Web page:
Energy & Environment

White House says it hasn’t told agencies to stop tweeting

Nicholas Kamm/AFP/Getty Images

The White House on Wednesday denied it has directed federal agencies to stop using social media, saying new restrictions on communications have instead come from within those agencies themselves. 

“There’s nothing that has come from the White House. Absolutely not,” White House press secretary Sean Spicer said. “There are a couple of these agencies that have had problems adhering to their own policies.”

“They haven’t been directed by us to do anything,” he said.

Since President Trump took office on Friday, the Environmental Protection Agency (EPA) has been told not to tweet or communicate with the media while the agency reviews its public relations strategy. 

{mosads}The Interior Department was also reportedly instructed to stop operating its Twitter accounts following a couple of National Park Service tweets about the size of Trump’s inauguration crowd.

Then on Tuesday, South Dakota’s Badlands National Park account tweeted and later deleted four messages about climate change science. The National Park Service said those tweets were sent by a former employee who still had access to the account.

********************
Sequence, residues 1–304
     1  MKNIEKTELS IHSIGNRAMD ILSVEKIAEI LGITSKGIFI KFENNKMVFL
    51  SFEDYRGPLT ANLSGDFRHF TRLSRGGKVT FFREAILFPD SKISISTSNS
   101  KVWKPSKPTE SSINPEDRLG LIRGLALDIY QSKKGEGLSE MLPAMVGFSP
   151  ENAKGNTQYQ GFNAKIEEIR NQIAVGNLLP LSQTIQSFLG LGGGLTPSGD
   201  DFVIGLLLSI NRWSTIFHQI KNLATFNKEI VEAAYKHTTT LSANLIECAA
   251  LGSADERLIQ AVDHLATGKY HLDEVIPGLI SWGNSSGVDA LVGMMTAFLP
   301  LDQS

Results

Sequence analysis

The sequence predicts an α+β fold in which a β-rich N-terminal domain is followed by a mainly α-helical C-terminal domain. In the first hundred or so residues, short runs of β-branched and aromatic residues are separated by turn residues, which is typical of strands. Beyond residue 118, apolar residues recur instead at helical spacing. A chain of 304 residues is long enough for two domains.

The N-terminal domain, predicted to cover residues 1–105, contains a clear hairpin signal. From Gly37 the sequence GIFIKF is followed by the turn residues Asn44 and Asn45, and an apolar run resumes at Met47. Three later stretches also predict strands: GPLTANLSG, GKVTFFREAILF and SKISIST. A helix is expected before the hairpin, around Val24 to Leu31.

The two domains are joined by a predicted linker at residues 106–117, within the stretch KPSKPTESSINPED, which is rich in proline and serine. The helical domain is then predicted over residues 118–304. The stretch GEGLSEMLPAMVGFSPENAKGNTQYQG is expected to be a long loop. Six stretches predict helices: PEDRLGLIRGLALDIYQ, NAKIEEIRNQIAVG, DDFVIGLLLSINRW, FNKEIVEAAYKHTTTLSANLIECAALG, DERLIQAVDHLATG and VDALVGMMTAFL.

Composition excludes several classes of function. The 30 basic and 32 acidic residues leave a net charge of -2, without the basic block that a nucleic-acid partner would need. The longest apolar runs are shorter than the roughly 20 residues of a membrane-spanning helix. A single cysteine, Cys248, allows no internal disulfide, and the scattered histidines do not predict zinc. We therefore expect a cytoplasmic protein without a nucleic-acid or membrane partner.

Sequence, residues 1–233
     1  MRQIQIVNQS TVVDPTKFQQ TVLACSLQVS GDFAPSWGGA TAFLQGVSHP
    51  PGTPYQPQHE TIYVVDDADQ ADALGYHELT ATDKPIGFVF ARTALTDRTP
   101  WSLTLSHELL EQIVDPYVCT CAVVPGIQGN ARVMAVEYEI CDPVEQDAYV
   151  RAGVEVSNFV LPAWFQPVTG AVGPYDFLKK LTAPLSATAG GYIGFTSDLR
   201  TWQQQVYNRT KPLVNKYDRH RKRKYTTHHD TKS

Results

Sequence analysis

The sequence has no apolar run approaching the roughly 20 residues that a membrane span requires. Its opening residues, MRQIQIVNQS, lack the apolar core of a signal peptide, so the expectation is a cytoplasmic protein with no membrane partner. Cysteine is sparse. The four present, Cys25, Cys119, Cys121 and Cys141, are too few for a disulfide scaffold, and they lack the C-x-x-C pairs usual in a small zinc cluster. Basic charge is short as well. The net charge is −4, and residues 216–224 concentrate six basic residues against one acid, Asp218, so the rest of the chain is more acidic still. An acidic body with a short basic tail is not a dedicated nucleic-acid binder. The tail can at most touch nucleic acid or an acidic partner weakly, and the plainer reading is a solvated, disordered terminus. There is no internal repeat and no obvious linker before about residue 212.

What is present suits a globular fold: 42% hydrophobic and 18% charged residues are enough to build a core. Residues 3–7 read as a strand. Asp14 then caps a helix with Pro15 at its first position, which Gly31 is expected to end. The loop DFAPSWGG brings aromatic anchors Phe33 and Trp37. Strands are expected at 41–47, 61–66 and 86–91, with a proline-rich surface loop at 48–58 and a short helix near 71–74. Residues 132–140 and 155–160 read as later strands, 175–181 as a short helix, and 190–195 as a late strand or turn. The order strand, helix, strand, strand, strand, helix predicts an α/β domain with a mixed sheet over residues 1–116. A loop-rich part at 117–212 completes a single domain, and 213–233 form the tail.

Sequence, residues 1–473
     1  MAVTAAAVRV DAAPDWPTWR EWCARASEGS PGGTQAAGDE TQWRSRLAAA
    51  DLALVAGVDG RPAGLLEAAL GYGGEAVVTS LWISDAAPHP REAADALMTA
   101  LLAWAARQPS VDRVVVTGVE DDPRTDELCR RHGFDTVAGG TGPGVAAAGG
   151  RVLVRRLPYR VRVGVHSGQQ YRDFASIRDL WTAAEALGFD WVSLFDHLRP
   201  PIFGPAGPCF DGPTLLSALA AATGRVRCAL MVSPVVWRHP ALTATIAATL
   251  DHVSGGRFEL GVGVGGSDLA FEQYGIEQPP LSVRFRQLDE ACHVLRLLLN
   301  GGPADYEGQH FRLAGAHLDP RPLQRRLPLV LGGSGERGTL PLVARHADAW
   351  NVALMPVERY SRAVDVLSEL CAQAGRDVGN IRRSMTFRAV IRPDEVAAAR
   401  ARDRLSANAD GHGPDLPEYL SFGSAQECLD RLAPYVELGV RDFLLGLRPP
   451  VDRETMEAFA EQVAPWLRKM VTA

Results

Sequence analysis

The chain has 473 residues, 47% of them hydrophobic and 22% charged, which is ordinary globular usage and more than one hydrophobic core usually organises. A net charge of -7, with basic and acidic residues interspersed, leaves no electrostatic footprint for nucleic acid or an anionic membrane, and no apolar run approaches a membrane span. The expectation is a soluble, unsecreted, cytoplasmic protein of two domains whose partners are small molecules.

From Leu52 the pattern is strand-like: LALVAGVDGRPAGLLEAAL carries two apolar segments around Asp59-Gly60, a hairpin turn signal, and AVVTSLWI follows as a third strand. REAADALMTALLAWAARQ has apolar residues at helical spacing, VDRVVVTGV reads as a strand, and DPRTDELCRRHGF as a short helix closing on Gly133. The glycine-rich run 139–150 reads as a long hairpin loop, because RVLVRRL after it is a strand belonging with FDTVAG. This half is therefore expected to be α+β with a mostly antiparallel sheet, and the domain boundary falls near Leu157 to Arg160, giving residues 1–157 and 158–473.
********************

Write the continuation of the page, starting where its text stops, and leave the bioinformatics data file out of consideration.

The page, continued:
Spicer said the National Park Service tweets on Friday also came from a former employee, and EPA transition officials say the media ban there will be lifted soon. Spicer noted the agency improperly used social media during the Obama administration to promote a rule it was finalizing. 

Still, the media policy has angered environmentalists and Democrats who worry it previews a broader crackdown on the agencies’ science work.

Spicer insisted on Wednesday that wasn’t the case.

“From what I understand, they’ve been told within the agencies to adhere to their own policies. But that directive did not come from here,” he said.

Tags Environmental Protection Agency Interior Department National Park Service Sean Spicer Twitter
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